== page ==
Caregivers deserve care, too. But finding time for self-care is hard in the constant bustle of a caregiver’s life.

Taking time for yourself is not selfish. You can’t take good care of your loved one if you are worn out in body or spirit. If stress builds up, people can suffer “caregiver burnout.”

Signs that you are suffering caregiver burnout include:

  • Your life has no joy.

  • You often feel angry, worried, or helpless.

  • You get upset over little things.

  • You are always tired.

  • You have trouble paying attention.

  • You get sick more often than usual.

  • You eat too much or too little.

  • You have trouble sleeping.

  • You pull back from friends and family.

  • You feel trapped and want to escape.

  • Set aside quiet time every day for yourself.

  • Tend to your basic needs: Get a full night’s sleep. Eat nourishing meals. Exercise several times a week. These aren’t luxuries. They are requirements for good health.

  • Rank each day’s tasks in importance. Focus on the top tasks first. Accept that you may not complete the list, but you will finish the most important tasks.

  • Learn as much as you can about your loved one’s condition. If you understand it well, you’ll feel more confident. You may also learn that you are doing things that aren’t needed or that the person should do for herself or himself.

  • If someone offers help, accept! But don’t just say “yes.” Give specific ideas.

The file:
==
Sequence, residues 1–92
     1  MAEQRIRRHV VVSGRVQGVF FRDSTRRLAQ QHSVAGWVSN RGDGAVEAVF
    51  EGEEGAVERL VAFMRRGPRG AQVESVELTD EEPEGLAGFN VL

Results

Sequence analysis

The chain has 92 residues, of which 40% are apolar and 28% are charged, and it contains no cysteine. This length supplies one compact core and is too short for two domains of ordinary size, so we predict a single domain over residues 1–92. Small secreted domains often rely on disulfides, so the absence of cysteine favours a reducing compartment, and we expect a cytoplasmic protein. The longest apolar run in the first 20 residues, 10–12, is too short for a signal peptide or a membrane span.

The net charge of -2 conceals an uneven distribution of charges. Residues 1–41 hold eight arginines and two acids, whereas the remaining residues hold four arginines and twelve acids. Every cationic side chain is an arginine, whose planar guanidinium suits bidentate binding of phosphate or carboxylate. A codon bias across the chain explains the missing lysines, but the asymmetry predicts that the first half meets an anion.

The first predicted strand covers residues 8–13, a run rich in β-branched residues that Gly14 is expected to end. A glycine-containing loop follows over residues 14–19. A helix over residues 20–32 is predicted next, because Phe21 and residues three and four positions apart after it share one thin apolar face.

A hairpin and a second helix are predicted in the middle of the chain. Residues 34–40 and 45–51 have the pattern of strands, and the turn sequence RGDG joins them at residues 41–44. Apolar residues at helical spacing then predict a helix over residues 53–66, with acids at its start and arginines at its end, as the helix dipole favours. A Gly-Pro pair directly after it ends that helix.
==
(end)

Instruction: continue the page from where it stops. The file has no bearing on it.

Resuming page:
• Make every day a thanksgiving day. Each day write down in a notebook at least one thing you are thankful for.

  • Take up a hobby you once enjoyed. Or, choose a new one.

  • Explain to your loved one that you need to take better care of yourself and why. If you say nothing, your loved one may view the changes in your routine as punishment or abandonment.

  • Take care of your other relationships—with your spouse, children, friends. Take time to go out to dinner or see a movie.

  • Remind yourself often why self-care is vital. Doing so may help you accept the wisdom in others’ suggestions that you need to take some time for yourself.

  • Live one day at a time. Yesterday is past and can’t be changed. There is no way to predict the future.

One reason caregivers burn out is that they believe they alone should provide all care. There’s nothing wrong with seeking help with caregiving. Who can provide such help?

  • Relatives

  • Family friends

  • Neighbors

  • Members of your church, synagogue, or mosque

  • Members of a club you belong to

  • Home health agencies, which can provide homemakers, home health aides, and nurses for short-term care

  • Adult day care centers

  • Nursing homes or assisted-living facilities, some of which accept residents short-term

  • For parents of children with diabetes, camp, family weekends, and support groups provide support and respite.

Ask your loved one’s doctor, nurse, or social worker for advice on finding respite care (temporary care for your loved one while you take some time off). Check the “Social Service Organizations” listing in your Yellow Pages to see what organizations your town has.

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